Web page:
Published online by Cambridge University Press: 29 May 2020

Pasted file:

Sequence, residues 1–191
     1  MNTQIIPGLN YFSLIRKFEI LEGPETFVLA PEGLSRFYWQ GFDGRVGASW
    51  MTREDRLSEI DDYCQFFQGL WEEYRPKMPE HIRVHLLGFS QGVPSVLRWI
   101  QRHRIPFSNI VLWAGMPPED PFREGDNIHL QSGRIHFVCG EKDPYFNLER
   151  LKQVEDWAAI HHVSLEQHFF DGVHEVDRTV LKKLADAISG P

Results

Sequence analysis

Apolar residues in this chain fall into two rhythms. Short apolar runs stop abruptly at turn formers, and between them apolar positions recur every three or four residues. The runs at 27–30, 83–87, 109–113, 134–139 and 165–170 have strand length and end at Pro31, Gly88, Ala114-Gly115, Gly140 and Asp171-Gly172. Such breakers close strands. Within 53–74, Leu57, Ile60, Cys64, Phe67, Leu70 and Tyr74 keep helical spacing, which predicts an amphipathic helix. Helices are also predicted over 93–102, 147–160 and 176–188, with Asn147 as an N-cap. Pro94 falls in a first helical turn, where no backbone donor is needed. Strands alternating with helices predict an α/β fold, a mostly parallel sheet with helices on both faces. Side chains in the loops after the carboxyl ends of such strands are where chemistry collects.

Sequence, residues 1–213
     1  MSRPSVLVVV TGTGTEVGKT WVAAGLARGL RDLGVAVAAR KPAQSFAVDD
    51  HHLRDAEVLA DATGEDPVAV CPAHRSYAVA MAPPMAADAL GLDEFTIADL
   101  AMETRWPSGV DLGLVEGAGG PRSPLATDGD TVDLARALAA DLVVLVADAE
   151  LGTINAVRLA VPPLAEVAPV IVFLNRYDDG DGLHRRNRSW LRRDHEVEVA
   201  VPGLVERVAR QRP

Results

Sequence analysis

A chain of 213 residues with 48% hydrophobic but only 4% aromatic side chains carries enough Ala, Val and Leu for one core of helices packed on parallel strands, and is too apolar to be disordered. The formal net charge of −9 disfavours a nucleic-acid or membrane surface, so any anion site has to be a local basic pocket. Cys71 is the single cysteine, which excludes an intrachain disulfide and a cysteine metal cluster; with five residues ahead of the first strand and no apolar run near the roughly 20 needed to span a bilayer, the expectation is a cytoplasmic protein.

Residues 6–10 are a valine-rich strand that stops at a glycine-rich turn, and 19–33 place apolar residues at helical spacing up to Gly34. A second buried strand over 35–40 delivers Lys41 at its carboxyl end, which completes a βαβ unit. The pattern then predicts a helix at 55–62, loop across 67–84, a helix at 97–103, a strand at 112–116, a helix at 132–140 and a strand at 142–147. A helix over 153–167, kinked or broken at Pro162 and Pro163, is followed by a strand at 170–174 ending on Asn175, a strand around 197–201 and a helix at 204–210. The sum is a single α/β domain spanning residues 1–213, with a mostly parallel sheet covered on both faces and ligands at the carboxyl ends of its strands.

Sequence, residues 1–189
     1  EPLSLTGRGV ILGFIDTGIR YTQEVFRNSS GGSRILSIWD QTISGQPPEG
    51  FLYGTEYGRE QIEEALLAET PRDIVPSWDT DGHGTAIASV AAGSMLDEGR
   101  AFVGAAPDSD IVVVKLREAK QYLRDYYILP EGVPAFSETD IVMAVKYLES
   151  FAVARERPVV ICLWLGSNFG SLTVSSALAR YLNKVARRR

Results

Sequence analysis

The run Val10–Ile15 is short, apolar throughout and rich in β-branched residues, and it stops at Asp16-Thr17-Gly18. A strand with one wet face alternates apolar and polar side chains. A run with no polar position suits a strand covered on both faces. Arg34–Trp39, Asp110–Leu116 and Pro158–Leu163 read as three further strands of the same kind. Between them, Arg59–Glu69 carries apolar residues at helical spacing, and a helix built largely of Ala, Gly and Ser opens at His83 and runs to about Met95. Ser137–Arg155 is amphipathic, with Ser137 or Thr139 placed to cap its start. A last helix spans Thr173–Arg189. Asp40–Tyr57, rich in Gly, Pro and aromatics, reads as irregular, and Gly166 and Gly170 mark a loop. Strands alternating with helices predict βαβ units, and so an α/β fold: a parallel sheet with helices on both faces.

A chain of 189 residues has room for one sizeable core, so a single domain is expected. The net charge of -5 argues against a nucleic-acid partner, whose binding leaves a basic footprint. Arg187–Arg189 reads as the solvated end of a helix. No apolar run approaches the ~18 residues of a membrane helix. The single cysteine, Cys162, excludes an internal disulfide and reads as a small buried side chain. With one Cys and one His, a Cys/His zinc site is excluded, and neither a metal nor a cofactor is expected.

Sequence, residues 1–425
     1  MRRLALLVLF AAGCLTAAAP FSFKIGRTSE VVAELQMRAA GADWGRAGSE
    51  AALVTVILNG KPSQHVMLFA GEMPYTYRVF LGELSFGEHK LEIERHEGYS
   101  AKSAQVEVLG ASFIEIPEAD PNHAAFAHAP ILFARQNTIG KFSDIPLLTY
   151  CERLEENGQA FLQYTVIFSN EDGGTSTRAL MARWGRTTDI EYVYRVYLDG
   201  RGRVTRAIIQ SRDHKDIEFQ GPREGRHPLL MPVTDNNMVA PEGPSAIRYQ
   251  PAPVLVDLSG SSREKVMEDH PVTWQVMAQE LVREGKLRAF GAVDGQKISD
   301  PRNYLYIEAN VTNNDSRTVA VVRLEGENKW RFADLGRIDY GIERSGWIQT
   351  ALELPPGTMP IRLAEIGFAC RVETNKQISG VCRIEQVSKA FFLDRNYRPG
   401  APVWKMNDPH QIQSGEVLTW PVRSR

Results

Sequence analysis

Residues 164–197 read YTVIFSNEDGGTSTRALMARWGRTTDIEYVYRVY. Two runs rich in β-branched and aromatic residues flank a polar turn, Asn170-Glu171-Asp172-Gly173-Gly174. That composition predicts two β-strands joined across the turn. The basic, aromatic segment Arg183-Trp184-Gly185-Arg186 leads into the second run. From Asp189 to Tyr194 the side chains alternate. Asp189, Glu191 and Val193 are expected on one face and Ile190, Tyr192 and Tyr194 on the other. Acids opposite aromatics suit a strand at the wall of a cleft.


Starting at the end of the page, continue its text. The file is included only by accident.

Today Marx enjoys worldwide fame as the incomparable theorist of capitalism and its most penetrating critic. The term itself, however, rarely appears in his writings. French socialists were already using it in the 1840s and 1850s, but only to denote certain aspects of what we would now understand by capitalism. When Pierre Leroux (1797–1871) spoke of capitalism in his pamphlet against political economy Malthus and the Economists, or Will There Always Be Poor People? (1848), he was highlighting the unprecedented power of capitalists, and more specifically industrialists, in modern times. Louis Blanc (1811–82) occasionally employed the term in various editions of his book The Organization of Work (1850), referring to ‘the appropriation of capital by some to the exclusion of others’. And Pierre-Joseph Proudhon (1809–65), in his The General Idea of the Revolution in the Nineteenth Century (1851), had the same idea in mind when he pointed to the power of capitalists in the Parisian housing market.